The significance of surnames to genealogy and family history.
Hereditary surnames came into use in Britain during the 13/14th century having been introduced by the aristocracy. Surnames became common amongst everyday people in the 1400s until 16th century when Henry VIII ordered that births be registered under the fathers’ surname.
Surnames can provide a wealth of information regarding its origin such as: occupation, the area your family originate, a person’s physical description, the description of their features or their ancestral name.
I have researched my family name which is Keenan and discovered it originates from Ireland. Keenan in the Anglicised spelling of Cianan further back up by my discovery of it being spelt as Caanan on my 5 x gt grandfathers marriage record. The difference in spelling is due to a couple of factors – the way the name was pronounced (an Irish accent) and the way the name was interpreted (in Cheshire) during a time when many if not most people were illiterate – therefore depending on the writers interpretation of how a name is spelt!
By researching the distribution of a surname, you can establish if it concentrated in one area of the country, if so, this can indicate that the surname originates from one family and most if not all people with that surname are descended from the same family.
Ancestral or patronymic or matronymic surnames are variation of the fathers or mothers’ forenames where it was common e.g. John son of William became John Williamson or Williams or another variation of William.
Surnames and nicknames have links with geography, local and personal history, occupations and religion too. Surnames can indicate a geographical location that the family originate from and could have their town as the surname this could indicate if they are living elsewhere that this is where they were from.
Not everyone living in a town could have the town as their surname, so in some instances they used their name of the house, farm or landowner to identify themselves. As well as town names as surnames some people would become known according to where they lived to avoid confusion so someone living near a hill could be known with the surname of Hill.
An individual’s personal traits or appearance can also aid in the creation of a surname based on a nickname such as someone who is tall, short, slim, overweight or their complexion. Names were also created from a person’s qualities such as their morals or their characteristics such as a strong or weak person, some even poked fund at or ridiculed a person.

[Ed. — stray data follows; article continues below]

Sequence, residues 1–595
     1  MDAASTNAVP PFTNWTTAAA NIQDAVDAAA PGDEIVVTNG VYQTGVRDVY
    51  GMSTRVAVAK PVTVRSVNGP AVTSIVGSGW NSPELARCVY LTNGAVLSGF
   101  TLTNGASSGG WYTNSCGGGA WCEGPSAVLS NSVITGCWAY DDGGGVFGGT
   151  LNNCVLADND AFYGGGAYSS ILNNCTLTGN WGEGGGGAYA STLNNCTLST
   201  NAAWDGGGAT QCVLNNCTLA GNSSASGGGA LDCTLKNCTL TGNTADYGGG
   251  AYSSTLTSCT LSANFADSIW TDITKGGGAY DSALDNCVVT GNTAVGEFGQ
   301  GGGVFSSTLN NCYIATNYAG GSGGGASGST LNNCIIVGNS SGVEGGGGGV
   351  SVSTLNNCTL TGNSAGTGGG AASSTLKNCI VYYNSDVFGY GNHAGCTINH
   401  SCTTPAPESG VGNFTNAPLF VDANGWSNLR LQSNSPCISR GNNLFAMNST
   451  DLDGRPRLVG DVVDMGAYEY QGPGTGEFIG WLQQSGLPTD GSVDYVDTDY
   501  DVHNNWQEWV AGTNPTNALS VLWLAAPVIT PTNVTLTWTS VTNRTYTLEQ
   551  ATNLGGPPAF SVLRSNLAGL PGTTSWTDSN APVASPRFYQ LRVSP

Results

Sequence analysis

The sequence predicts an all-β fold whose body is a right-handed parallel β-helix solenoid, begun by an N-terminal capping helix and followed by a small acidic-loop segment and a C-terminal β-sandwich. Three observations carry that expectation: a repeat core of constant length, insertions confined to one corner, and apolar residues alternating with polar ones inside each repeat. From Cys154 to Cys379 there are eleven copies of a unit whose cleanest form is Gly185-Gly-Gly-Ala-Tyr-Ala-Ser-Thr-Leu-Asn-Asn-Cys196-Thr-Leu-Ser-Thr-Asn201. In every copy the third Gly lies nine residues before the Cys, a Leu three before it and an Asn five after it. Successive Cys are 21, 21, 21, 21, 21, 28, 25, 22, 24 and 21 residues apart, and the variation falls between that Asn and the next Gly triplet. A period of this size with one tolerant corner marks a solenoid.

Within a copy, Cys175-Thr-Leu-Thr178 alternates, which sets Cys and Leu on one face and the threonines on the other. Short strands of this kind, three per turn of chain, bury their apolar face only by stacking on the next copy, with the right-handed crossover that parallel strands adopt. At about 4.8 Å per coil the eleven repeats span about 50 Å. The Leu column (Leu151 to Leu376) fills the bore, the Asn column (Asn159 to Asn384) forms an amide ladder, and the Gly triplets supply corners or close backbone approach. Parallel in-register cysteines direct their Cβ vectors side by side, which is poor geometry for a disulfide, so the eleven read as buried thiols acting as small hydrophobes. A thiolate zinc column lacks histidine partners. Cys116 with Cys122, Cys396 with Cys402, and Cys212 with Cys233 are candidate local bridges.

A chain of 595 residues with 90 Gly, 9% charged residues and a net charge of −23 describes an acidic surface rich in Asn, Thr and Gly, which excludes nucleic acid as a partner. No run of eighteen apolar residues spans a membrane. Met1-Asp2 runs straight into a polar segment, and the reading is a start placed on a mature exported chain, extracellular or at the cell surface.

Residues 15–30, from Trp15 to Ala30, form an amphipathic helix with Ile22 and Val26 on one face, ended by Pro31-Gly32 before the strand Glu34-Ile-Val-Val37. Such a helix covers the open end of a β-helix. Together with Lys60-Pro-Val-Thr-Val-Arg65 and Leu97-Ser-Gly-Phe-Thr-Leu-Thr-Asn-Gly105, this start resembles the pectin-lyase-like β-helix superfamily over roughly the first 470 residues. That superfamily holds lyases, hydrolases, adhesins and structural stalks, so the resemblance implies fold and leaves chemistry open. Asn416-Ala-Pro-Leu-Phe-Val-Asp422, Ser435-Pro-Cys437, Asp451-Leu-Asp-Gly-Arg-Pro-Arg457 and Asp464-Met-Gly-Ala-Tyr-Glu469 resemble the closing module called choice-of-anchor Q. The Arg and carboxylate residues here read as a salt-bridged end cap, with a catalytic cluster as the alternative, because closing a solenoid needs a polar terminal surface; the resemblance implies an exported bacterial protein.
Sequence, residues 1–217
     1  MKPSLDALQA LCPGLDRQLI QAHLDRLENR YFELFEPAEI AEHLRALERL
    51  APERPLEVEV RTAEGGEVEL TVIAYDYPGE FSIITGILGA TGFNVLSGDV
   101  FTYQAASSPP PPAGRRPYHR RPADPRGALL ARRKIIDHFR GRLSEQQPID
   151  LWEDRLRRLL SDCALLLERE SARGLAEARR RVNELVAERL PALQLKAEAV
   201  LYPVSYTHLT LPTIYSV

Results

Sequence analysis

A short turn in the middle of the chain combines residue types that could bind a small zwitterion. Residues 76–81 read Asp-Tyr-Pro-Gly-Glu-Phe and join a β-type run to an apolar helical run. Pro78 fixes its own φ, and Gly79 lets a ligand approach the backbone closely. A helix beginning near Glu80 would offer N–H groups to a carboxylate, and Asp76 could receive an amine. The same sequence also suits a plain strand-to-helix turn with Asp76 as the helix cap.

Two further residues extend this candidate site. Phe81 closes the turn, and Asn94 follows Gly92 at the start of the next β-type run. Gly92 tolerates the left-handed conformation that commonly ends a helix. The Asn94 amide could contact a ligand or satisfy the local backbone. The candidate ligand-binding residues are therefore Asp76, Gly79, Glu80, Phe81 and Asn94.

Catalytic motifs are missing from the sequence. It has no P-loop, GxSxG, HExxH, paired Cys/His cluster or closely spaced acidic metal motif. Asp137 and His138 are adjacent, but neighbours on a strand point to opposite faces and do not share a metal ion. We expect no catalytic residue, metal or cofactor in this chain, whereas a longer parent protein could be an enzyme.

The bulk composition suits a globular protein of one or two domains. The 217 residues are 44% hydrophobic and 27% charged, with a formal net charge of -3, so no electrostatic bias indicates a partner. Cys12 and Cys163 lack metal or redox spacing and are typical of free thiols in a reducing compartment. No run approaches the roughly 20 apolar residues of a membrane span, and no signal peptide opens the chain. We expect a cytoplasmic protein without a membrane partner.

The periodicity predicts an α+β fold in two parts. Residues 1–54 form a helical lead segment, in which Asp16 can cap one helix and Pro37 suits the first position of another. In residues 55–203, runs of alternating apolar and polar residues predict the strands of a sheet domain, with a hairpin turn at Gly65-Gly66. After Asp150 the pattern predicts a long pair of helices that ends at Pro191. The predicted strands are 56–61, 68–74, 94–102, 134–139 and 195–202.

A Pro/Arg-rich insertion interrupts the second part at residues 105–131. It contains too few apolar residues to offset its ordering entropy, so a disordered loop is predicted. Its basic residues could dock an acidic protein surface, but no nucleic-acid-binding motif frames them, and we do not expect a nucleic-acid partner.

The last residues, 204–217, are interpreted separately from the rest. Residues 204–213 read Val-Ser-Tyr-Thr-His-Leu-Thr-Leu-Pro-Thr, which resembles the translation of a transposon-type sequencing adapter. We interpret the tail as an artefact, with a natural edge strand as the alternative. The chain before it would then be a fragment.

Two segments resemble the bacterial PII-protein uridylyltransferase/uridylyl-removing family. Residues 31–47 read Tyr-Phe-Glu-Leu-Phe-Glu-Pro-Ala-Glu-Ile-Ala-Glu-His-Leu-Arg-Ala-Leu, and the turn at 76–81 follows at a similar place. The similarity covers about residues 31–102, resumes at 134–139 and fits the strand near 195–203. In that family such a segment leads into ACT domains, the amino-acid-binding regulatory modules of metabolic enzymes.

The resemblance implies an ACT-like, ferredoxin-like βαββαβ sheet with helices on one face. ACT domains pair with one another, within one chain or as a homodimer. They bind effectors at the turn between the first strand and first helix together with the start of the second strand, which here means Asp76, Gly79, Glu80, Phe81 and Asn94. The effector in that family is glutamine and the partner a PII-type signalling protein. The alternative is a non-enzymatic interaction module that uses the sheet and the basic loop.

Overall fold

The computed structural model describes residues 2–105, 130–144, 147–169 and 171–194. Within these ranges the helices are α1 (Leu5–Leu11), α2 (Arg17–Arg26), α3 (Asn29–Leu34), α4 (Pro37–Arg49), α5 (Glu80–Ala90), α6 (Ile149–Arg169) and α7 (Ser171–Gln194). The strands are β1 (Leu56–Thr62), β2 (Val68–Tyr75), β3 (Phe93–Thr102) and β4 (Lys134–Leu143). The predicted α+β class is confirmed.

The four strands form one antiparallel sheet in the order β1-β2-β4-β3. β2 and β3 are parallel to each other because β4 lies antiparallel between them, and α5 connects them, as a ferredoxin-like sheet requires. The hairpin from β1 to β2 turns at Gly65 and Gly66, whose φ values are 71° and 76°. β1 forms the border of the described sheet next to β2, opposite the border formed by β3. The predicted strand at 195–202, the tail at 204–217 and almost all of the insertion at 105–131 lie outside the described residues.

Often a person’s occupation determines their surname, nowadays Wright is a common surname this could originally have been Wheelwright of Wainwright, similarly Smith could have been Goldsmith, it became easier to shorten long names originating from occupations in this fashion.
Other names such as King, Lord, Pope etc could lead you to believe that there is a link to a person of this title when in actual fact it is often discovered that these are linked to nicknames such as a person who went round the locality as though he owned the village “lording” it about could become known as Lord, ridiculing him. It could also originate from the fact that a person had acted in that role in a play in the past.
How can you trace a surname – contemporary, old or common.
There are many websites online that you can use to research a surname, some show the distribution of the surname indicating where the name is more prevalent such as the website Public Profiler GB Names which shows you distribution in 1881 and 1998 – once you have found the name it will also show you the classification of the name whether it is based upon location, nickname or occupation.
This website would be particularly useful in tracing a more unusual surname. I used the surname Critchley which demonstrated in 1881 that the name was concentrated mainly in the north west of the UK, however searching again in 1998 showed it had spread around the UK. Other stats available on this website show frequencies of names per million showing if the name is more or less popular comparing 1998 to 1881.
There are also many other websites dedicated to surname studies. Some such as Ancestry have forums dedicated to surnames where people can discuss that particular surname and their relatives with that surname. There are a vast array of other sources in relation to surnames too – telephone directories, census returns, birth marriage and death records all showing a surname and a location.
Hearth Tax Records from the latter half of the 17th century are invaluable as they provide name, address, occupation and an indication of wealth based upon how many hearths a person had in their property. The records taken twice a year also showed how families moved around and how their income changed as in some years that may have been recorded as being exempt from payment as they were classed as poor. What is more relevant is that this set of records is one of the earliest sets of records showing the distribution of surnames and they can be tracked showing where the surnames originated which combined with the place they are recorded may also give an indication of how they came by their surname such as occupation etc.
So a little fun – think about the surnames below – where did they originate?
The list goes on………………………..
Now think back to your childhood when you were at school – whose name did you giggle at? Now where do you think it came from?!